As of January 1, 2022, a law comes into effect in Russia aimed at increasing control over local operations of foreign tech giants.
This law requires that foreign companies with “large Russian online audiences” should open representative offices in Russia, add a mandatory feedback form to their websites, comply with local “prohibitions, requirements and restrictions”, and respond to all notices from the Russian communications watchdog Roskomnadzor.
In a press release announcing the adoption of the bill earlier this year, the State Duma, the lower chamber of Russian parliament, referred to it as the “law on ‘landing’ IT giants” – apparently meaning that a foreign tech giant operating in Russia should have a physical presence on Russian territory.
Despite its name, the law doesn’t target only major online platforms. Under its stipulations, any website, information system or app that is used by more than 500,000 Russians daily can qualify as an “IT giant.”
However, to have to comply with the new legislation, it has to be owned by a foreign organisation, a foreign citizen or a stateless person.
In addition, the website should meet at least one of several conditions, including the distribution of information in Russian and running advertisements aimed at Russian citizens.
Roskomnadzor is expected to come up with a list of “IT giants.” The agency is empowered to put any foreign advertising systems operators, hosting providers or “organisers of information distribution,” which is a general term used by the Russian authorities to cover messengers, social networks, blogs and online forums.
The list is supposed to be available at 236-fz.rkn.gov.ru, but it isn’t live yet.
There will be several ways of determining the size of a platform’s Russian audience. Under the law, Roskomnadzor will be allowed to send an official request to any company in question asking for information on their daily audience. Alternatively, Russian officials will be able to add a user counter to any specific website.
Finally, the authorities will have the right to use “publicly available information”, which is a clause open to wide interpretations.
The law stipulates several kinds of punishments for tech companies that choose to ignore this law. Among these are bans on displaying advertisements and on advertising the platform or its owner, restrictions on money transfers and payments and prohibiting search results, as well as throttling local traffic – something that Roskomnadzor tried to do with Twitter back in March 2021. The most severe punishment would be complete blocking of access to the online resource.
If Roskomnadzor decides to impose the latter measure on a “violator,” the agency will add the website’s owner and their “foreign payment service provider” of choice to two additional public lists.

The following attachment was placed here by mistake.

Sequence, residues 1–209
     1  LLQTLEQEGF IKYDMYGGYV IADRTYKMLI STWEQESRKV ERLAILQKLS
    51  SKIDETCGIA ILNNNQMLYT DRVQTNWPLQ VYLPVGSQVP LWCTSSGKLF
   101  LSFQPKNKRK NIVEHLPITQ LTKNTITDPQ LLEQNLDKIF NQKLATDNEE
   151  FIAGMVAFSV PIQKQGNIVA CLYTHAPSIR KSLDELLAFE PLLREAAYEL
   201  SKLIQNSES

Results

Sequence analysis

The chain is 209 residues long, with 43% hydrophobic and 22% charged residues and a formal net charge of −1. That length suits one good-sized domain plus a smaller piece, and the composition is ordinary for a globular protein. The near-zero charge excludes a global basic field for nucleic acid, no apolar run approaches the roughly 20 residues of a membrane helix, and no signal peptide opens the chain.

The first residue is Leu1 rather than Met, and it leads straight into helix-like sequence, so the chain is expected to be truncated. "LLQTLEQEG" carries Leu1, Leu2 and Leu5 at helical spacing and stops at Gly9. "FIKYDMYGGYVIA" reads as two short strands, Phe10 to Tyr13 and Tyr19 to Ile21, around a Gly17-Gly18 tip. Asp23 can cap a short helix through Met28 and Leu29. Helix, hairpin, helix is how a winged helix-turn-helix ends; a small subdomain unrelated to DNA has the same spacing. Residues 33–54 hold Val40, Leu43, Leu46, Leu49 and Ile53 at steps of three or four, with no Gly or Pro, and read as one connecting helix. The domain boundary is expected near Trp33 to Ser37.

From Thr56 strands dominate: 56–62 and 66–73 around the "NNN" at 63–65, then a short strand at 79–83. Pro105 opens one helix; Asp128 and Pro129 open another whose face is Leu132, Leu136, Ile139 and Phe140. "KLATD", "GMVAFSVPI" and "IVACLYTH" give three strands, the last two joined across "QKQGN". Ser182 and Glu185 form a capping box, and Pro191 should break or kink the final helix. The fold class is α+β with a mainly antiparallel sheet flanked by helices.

Subsequently, Russian banks will have to check these blacklists and decline to make payments to anyone on the lists. Therefore, the 'violator' could be stripped of not just advertising revenue, but also, for instance, of revenue from crowdfunding campaigns.
Under the law, Roskomnadzor can eventually block its ‘violators’ completely, but the agency wouldn't be able to do it right away and in all cases. If a company declines to open a Russian office or add a feedback form to its website, it will be given a month's notice before Roskomnadzor will have the right to throttle or block its website.
The law on “landing” foreign tech companies also stipulates that if a company opens a representative office in Russia and puts up a feedback form but fails to remove content that is considered “offensive,” Roskomnadzor will be empowered to apply restrictive measures, except for slowing down traffic or completely blocking access to the website.
Meanwhile, Roskomnadzor isn’t the only government agency that can block websites in Russia – and no one is stopping other agencies from doing this. For instance, the Attorney General’s Office can rule that any website be blocked for allegedly “inciting” “extremist activities” or “mass disturbances,” as well as for disseminating “fake news.”
In addition, authorities will still be able to block online resources through the courts. All it takes is a lawsuit from a state prosecutor involved in monitoring the IT sector on blocking a website with prohibited content. Most recently, Russian judges have been willing to satisfy these claims.
Incidentally, also very recently, foreign IT giants have already faced sizeable fines imposed by Russian authorities. In mid-October 2021, a Russian court said it will collect RUB26mn ($365,000) from Facebook in fines imposed mostly for the social network's refusal to store Russian citizens' data within Russia.
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